Today we went to the Smithsonian National Museum of Natural History and toured the Ocean Hall and the Human Origins exhibits. Upon taking a closer look at the Oceanic Hall there was a personal connection that the Natural History Museum was trying to portray to the visitors. The exhibits would start of giving the audience information about ecosystems, then would identify the problems the ecosystems were suffering with, then offer a solution that the visitor could do to help the situation. The way the Natural History Museum delivered the information made it less about the accusatory stand point and more about making a difference. In the exhibits there were many statements that said, “You can make a difference,” or “We ALL can be ocean stewards.” These quotes address the visitor on their own level and say we don’t have to wait for someone to come along and save the earth we can do it step by step on our own and still make a difference in the ocean ecosystem. This idea of not waiting for politicians and others to do important work was also brought up in our Micheal Walsh lecture when he mentioned that there shouldn’t be a stigma that we have to wait behind politicians to get things done sometimes we have to lead the way and in a sense force their hand to ensure cultural heritage is preserved.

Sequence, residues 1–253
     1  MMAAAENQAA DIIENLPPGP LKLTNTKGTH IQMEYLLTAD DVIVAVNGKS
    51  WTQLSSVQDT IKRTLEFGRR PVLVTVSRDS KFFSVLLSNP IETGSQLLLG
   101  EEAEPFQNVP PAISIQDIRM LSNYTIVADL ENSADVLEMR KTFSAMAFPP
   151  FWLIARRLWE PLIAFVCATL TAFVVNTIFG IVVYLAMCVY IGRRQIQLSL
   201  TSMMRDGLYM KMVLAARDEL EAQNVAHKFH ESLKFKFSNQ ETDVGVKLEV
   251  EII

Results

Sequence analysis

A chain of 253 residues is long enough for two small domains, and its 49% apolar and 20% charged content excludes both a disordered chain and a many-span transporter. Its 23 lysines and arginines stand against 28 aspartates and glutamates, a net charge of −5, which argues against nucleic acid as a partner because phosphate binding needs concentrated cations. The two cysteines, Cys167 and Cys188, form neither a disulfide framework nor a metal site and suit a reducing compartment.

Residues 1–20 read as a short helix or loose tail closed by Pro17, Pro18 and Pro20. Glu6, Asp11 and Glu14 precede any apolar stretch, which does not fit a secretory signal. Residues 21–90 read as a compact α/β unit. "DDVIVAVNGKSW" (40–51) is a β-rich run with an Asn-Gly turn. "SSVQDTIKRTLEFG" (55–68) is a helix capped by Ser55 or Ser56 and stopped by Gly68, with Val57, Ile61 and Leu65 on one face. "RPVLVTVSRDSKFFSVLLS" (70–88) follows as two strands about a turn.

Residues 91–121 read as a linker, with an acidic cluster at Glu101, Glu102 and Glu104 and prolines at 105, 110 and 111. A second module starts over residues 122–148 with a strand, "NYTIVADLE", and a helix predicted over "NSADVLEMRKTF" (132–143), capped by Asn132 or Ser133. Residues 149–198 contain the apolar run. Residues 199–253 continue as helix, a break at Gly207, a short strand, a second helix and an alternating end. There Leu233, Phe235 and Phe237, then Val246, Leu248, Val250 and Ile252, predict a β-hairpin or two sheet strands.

Another important element that I took notice of at the Natural History Museum was accessibility to hearing impaired individuals. I found many of the interactives and videos had subtitles or as shown in the bottom picture separate devices that translated what was being said on screen. This particular video caught my attention because this is updated every few minutes to display new information about climate change and the oceans environment, yet they are still able to keep the translation for the video constant. Although they have this feature and more subtitles in the museum, I feel as though the museum could expand their reach to the visually impaired and autistic audiences.